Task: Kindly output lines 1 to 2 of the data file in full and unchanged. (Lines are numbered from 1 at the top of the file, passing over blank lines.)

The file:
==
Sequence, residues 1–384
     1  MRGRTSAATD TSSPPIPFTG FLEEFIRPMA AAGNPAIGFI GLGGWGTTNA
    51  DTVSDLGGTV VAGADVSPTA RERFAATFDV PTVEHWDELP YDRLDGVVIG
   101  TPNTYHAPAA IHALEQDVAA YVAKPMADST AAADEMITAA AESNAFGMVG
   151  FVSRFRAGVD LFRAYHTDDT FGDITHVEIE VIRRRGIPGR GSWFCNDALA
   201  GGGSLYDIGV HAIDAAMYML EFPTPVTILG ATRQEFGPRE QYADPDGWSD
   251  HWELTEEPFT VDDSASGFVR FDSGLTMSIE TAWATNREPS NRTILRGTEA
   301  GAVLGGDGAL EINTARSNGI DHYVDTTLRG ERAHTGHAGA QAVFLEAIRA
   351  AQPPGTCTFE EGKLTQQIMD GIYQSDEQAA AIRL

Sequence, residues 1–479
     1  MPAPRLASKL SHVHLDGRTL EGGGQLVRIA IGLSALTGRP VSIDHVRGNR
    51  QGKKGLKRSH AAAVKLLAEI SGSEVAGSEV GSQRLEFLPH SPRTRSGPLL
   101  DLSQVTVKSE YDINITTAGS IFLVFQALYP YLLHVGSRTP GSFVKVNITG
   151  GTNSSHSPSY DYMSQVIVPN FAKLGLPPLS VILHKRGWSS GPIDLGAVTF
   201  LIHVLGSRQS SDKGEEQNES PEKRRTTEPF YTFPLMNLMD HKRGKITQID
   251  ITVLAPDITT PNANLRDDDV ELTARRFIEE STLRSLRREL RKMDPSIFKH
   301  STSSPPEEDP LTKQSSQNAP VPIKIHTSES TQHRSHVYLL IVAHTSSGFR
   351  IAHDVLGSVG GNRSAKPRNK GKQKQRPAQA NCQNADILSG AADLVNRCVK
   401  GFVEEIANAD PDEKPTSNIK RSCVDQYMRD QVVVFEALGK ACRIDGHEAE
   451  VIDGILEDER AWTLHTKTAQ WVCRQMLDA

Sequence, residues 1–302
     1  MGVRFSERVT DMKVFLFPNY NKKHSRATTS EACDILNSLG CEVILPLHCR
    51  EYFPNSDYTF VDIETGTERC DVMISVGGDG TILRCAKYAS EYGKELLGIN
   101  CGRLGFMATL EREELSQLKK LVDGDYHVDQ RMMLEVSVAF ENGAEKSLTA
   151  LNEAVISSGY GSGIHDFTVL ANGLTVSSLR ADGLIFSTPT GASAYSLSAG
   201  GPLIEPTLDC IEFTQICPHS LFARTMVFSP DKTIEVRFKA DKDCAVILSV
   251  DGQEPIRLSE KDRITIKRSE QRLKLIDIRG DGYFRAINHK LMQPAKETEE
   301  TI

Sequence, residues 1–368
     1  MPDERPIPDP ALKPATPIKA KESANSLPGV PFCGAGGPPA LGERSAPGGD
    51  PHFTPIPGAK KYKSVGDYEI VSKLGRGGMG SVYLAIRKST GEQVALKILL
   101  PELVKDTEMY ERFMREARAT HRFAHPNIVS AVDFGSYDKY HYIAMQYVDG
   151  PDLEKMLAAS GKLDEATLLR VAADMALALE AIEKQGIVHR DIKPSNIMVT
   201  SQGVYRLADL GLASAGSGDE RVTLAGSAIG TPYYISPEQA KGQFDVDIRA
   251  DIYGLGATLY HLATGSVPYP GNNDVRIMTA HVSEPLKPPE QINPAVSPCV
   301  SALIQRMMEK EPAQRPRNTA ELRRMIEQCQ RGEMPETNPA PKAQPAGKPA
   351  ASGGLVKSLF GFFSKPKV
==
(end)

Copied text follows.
Sequence, residues 1–384
     1  MRGRTSAATD TSSPPIPFTG FLEEFIRPMA AAGNPAIGFI GLGGWGTTNA